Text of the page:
Word of Mouth: Carrie Bradshaw as a working mom?

As Carrie Bradshaw in HBO’s “Sex and the City” and its two spinoff movies, Sarah Jessica Parker faced the kind of choices that chic, independent women envied: Manolo Blahniks or Jimmy Choos, orgasmic one-night stand or cosmopolitans with the girls? Playing Kate Reddy in “I Don’t Know How She Does It,” Parker faces questions just a bit more prosaic and true to real life: Can I make breakfast for my two kids, and somehow avoid wearing the leftover batter to work?

In Friday’s movie, adapted by Aline Brosh McKenna from Allison Pearson’s bestselling novel, Reddy is a Boston investment manager trying to balance a taxing, alpha-male-dominated vocation with the demands of marriage, all while parenting a petulant 5-year-old daughter and an incommunicative 1-year-old son. As any working mom can testify, it’s as perilous as going over Niagara Falls without a barrel, and Reddy faces one more profound problem — the advances of handsome colleague Jack Abelhammer (Pierce Brosnan).

The roughly $24-million movie from the Weinstein Co. sanitizes some of Pearson’s narrative (specifically the plight of Reddy’s marriage, and her interest in Abelhammer’s flirtations) and relocates the story from England to New England; the movie adaptation suggests that it is possible to be a loving mom, an attentive wife and a working professional at the same time. If the book was a dramatic comedy, the film is more broad romance — with a feel-good Hollywood ending.

Audience tracking surveys show that older women and some younger women are interested in seeing the film, but “I Don’t Know How She Does It” doesn’t have much support from men of any age. It also faces three other new films in wide release this weekend: a 3-D version of the animated “The Lion King,” the remake of the thriller “Straw Dogs” and the original crime drama “Drive.”


The Weinstein Co. and the film’s director hope audiences will see “I Don’t Know How She Does It” as an unofficial sequel to “Sex and the City” — Carrie now has kids! — and in some ways that thinking aligns with Parker’s own life: The actress and husband Matthew Broderick have three children, an 8-year-old son and twin 2-year-old daughters.

“When I was leaving for work this morning I was thinking about my kids, and how it felt like a real act of betrayal,” Parker said last February on the New York set of the film. “That helps me appreciate the conflict that exists for this particular character and countless women across the globe. I can understand the purgatory we put ourselves in.”

Director Doug McGrath, known for directing period dramas such as “Infamous” and “Nicholas Nickleby,” said he saw in this story an extension of Bradshaw’s quest to find the ideal man.

“It feels a little bit like a bookend to ‘Sex and the City,’” he said of the film, which was in development for years and was once set to be directed by David Frankel (“The Devil Wears Prada”). “This is what happens if Carrie decides to take the next step — she finds that life is not necessarily any easier than finding the right person to date.”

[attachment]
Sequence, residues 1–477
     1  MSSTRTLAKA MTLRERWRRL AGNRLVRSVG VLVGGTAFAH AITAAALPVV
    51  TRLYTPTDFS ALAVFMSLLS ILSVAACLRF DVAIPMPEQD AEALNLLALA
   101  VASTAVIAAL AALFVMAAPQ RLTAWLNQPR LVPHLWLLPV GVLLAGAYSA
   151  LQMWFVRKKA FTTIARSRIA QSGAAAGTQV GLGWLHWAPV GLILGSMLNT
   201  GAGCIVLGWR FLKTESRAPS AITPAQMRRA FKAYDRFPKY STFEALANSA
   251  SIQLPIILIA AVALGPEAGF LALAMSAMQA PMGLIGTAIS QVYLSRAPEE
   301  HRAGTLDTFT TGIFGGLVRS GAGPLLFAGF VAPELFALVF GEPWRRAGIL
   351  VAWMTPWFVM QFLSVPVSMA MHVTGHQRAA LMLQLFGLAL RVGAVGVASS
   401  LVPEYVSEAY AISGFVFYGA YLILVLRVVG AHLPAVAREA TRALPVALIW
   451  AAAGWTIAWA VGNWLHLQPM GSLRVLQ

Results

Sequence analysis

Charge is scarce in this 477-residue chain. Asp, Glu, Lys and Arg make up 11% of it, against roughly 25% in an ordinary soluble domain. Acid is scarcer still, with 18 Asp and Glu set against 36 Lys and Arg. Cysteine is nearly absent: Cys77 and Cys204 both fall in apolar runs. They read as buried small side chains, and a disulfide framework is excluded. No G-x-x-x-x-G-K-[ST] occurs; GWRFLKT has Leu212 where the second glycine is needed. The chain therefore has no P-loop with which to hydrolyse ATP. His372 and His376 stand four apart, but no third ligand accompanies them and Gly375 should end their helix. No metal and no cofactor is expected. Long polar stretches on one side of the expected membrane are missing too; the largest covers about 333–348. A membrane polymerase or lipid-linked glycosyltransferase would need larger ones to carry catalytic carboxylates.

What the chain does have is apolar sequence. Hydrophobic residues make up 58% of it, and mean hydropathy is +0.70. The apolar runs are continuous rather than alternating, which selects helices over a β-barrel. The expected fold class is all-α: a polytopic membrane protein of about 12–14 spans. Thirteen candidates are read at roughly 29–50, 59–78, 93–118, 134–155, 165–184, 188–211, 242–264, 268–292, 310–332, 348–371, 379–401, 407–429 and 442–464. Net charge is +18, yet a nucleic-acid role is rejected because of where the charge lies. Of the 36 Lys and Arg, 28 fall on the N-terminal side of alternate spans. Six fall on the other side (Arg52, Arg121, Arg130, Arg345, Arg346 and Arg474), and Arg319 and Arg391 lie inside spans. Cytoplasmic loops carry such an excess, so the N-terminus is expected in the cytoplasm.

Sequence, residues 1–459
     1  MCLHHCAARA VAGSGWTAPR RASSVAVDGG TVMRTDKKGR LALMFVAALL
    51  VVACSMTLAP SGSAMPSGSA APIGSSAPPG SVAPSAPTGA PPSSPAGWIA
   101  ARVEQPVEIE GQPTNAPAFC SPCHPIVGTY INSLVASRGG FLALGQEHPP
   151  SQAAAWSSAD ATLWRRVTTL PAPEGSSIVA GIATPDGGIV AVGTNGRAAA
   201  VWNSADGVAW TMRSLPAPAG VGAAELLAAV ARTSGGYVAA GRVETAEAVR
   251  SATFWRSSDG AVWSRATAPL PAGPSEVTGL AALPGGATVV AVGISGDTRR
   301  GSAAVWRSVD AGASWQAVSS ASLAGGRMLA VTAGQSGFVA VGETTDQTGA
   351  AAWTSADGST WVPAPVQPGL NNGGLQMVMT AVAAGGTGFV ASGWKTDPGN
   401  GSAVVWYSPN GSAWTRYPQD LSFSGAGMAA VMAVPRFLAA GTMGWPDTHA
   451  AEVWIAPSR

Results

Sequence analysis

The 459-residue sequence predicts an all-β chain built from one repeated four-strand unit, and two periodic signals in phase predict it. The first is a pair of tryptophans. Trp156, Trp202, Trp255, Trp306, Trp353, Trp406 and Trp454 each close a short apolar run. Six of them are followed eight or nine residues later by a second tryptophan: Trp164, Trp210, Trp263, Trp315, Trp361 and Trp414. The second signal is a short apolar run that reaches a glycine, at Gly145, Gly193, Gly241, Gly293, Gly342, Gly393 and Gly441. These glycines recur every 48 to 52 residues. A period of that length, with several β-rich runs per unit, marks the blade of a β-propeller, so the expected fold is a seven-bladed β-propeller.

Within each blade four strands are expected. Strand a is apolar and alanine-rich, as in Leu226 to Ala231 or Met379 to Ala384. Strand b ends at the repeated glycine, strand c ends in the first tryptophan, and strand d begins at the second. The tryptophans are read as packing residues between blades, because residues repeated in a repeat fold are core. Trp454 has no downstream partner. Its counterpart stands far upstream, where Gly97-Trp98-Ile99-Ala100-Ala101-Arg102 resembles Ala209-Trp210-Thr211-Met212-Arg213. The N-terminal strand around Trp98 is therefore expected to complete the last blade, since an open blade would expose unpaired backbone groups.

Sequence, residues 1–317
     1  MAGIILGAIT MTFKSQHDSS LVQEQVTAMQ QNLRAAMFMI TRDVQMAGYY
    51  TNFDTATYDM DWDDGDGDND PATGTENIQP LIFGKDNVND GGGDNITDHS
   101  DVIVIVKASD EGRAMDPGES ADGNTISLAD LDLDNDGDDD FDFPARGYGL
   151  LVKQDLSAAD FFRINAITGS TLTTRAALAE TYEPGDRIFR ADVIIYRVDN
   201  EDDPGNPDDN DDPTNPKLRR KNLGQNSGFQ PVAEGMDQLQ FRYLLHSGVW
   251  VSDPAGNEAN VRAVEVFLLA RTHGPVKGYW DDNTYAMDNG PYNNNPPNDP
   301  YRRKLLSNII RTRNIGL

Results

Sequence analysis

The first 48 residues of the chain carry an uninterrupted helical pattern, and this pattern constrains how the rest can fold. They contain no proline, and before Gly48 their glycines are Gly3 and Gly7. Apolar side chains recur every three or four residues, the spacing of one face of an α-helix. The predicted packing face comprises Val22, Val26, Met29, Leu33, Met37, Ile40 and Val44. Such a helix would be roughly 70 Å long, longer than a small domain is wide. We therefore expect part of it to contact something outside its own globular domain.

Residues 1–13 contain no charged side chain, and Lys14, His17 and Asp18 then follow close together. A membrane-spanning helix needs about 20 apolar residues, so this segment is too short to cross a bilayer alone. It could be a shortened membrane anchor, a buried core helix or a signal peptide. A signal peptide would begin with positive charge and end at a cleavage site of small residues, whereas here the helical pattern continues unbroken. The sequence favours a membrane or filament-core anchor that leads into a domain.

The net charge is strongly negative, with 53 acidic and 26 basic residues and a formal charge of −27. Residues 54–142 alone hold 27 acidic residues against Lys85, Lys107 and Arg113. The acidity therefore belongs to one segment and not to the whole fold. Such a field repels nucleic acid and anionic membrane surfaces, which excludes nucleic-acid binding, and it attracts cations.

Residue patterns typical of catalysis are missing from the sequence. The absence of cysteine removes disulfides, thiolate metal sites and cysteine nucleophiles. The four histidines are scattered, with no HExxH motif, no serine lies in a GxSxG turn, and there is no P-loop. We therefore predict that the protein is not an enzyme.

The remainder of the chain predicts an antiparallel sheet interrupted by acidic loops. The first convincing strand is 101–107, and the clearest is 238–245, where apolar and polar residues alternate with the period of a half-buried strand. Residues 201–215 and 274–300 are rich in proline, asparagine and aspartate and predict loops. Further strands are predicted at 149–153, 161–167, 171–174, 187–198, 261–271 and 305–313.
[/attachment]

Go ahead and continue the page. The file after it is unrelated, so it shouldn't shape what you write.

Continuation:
Parker’s domestic skills came in handy on the film. Clad in furry slippers in the kitchen of the Brooklyn brownstone that served as that day’s location, the actress hashed out details with McGrath and several members of the crew about how to properly “distress a pie” with a rolling pin. (They were planning for a scene in which Reddy, feeling incapable of holding her own against stay-at-home moms and betraying a promise to her daughter, tries to make a store-bought dessert appear homemade.)

“Maybe we can cut the pie this way and have me hit it from the side,” Parker offered, impressing the props manager.

Downstairs, Greg Kinnear, who plays Reddy’s patient husband, architect Richard Reddy, was changing into pajamas for a scene in which he is reading in bed after his wife returns from a business trip. In real life, Kinnear has three children, and he said he finds the parallels to his life helpful, if not a little eerie.

“I’m not sure what it says that I’m playing the father again,” said the actor, who is perhaps best known for his role as a floundering suburban dad in “Little Miss Sunshine.” “It may mean that I need to call my agent.”


Like the book, the movie shows that what might look to be straightforward decisions — I’m going to have a career, too! — can carry enormous personal and emotional repercussions. As Reddy says in Pearson’s novel, “I have got two lives and I don’t have time to enjoy either of them” and “Becoming a man is the waste of a woman.”

That conflict is echoed by Momo Hahn (Olivia Munn), a whip-smart Dartmouth graduate who’s Reddy’s assistant and foil. Hahn is mortified that Reddy has food on her suit and lice in her hair, and mystified that any career-oriented woman would want to be saddled with kids.

Munn said the film dramatizes a gender gap that she’d like to see closed. “There’s a big, screaming difference between men and women, and I think you find it in the movie,” she said. “We give ourselves guilt for letting our career get in the way of a relationship, and I don’t think men do.”

Steven Zeitchik was reporting from New York; John Horn from Los Angeles.